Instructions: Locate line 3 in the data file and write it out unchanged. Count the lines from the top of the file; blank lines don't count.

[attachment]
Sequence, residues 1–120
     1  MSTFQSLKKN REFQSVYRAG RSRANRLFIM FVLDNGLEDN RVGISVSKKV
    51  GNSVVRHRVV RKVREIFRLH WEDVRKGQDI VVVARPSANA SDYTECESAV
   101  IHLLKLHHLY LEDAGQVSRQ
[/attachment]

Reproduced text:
    51  GNSVVRHRVV RKVREIFRLH WEDVRKGQDI VVVARPSANA SDYTECESAV